Pancashuddhi, Pañcaśuddhi, Pancan-shuddhi: 1 definition

Introduction

Pancashuddhi means something in Hinduism, Sanskrit. If you want to know the exact meaning, history, etymology or English translation of this term then check out the descriptions on this page. Add your comment or reference to a book if you want to contribute to this summary article.

The Sanskrit term Pañcaśuddhi can be transliterated into English as Pancasuddhi or Pancashuddhi, using the IAST transliteration scheme (?).

Alternative spellings of this word include Panchashuddhi.

In Hinduism

Shaivism (Shaiva philosophy)

[«previous (P) next»] — Pancashuddhi in Shaivism glossary
Source: Shodhganga: Temple management in the Āgamas

Pañcaśuddhi (पञ्चशुद्धि) refers to “five internal purification process”, to be performed during pūjā (ritualistic worship), according to the Arcanāvidhipaṭala of Kāmikāgama.—During the pūjā, the Ācārya performs several processes that are external and several that are internal, that prepare his body and soul for the pūjā. Śuddhi is such a powerful, internal process. Śuddhi means cleansing and also energizing. Just as a surgeon would clean himself and wear surgical attire before entering the operating theatre, the Ācārya, even though cleansed and purified by the ritual bath and daily sandhyāvandana, once again purifies himself just before commencing the pūjā. This is not an ordinary cleansing, but one that energizes him to a higher plane...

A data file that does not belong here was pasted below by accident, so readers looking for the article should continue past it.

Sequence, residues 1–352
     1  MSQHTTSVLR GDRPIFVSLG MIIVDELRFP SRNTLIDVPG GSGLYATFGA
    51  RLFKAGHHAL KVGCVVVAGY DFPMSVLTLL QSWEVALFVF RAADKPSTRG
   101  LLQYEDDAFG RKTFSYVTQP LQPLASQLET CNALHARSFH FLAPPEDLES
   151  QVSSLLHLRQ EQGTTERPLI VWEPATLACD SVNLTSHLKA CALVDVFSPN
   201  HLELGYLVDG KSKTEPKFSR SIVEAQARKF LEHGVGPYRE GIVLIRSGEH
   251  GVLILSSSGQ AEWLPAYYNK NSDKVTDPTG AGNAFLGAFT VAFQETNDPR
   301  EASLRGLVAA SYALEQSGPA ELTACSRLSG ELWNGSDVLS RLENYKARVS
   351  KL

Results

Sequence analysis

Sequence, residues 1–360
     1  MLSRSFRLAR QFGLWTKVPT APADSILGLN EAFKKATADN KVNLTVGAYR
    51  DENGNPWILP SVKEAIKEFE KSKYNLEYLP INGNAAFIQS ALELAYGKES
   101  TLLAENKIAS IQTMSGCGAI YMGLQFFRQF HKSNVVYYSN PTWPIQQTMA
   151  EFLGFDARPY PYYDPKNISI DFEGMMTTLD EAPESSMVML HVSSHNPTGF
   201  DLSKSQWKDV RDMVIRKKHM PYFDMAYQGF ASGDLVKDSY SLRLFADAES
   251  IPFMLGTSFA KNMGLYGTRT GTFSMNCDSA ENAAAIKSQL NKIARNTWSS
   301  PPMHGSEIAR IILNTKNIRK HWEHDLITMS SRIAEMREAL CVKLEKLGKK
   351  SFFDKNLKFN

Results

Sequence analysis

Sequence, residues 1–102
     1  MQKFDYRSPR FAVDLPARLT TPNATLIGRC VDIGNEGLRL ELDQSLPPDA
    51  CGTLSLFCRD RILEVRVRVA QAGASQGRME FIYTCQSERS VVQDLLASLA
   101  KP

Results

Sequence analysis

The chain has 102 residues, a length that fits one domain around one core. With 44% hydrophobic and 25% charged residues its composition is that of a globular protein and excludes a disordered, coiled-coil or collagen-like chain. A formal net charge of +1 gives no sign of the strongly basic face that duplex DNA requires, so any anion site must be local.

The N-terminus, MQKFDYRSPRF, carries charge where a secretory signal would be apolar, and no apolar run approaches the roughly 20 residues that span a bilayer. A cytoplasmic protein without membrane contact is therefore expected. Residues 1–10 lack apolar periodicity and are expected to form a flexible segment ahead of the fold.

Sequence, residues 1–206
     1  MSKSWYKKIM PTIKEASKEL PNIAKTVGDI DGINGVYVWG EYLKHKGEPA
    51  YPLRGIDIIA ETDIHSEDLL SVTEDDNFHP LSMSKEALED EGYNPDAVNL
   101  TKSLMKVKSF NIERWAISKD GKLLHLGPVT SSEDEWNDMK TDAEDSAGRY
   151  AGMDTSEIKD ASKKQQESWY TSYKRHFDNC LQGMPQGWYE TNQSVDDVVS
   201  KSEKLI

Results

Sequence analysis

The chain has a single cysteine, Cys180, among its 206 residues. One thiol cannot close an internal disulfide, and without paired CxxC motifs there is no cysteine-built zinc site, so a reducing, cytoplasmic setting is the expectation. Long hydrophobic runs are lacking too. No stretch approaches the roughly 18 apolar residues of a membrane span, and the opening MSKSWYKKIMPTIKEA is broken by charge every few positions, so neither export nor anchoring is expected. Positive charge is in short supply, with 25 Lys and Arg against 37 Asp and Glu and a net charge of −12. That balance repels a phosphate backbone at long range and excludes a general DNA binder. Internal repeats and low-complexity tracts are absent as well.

There are five śuddhis [Pañcaśuddhi] specified (in order)–

  1. ātmaśuddhi,
  2. sthānaśuddhi,
  3. dravyaśuddhi,
  4. mantraśuddhi,
  5. liṅgaśuddhi.

The Āgama declares that there is no exception allowed for not performing the pañcaśuddhi during śivapūjā. After pañcaśuddhi, the Ācārya begins the pūjā proper. He first worships Gaṇeśa in the liṅgapīṭha in the direction of Vāyu (North West), with sandal paste and flowers. [...]

Shaivism book cover
context information

Shaiva (शैव, śaiva) or Shaivism (śaivism) represents a tradition of Hinduism worshiping Shiva as the supreme being. Closely related to Shaktism, Shaiva literature includes a range of scriptures, including Tantras, while the root of this tradition may be traced back to the ancient Vedas.

Discover the meaning of pancashuddhi or pancasuddhi in the context of Shaivism from relevant books on Exotic India

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